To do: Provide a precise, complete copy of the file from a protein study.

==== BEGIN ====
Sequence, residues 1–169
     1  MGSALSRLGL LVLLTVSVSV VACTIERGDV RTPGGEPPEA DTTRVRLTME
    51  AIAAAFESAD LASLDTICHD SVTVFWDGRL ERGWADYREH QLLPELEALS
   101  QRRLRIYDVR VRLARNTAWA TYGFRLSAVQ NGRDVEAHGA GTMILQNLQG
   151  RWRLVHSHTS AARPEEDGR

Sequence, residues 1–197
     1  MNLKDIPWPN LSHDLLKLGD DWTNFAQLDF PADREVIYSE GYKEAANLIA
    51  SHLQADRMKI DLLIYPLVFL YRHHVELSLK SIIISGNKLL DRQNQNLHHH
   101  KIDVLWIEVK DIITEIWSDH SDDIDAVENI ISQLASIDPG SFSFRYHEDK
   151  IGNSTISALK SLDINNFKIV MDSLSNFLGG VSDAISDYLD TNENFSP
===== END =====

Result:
Sequence, residues 1–169
     1  MGSALSRLGL LVLLTVSVSV VACTIERGDV RTPGGEPPEA DTTRVRLTME
    51  AIAAAFESAD LASLDTICHD SVTVFWDGRL ERGWADYREH QLLPELEALS
   101  QRRLRIYDVR VRLARNTAWA TYGFRLSAVQ NGRDVEAHGA GTMILQNLQG
   151  RWRLVHSHTS AARPEEDGR

Sequence, residues 1–197
     1  MNLKDIPWPN LSHDLLKLGD DWTNFAQLDF PADREVIYSE GYKEAANLIA
    51  SHLQADRMKI DLLIYPLVFL YRHHVELSLK SIIISGNKLL DRQNQNLHHH
   101  KIDVLWIEVK DIITEIWSDH SDDIDAVENI ISQLASIDPG SFSFRYHEDK
   151  IGNSTISALK SLDINNFKIV MDSLSNFLGG VSDAISDYLD TNENFSP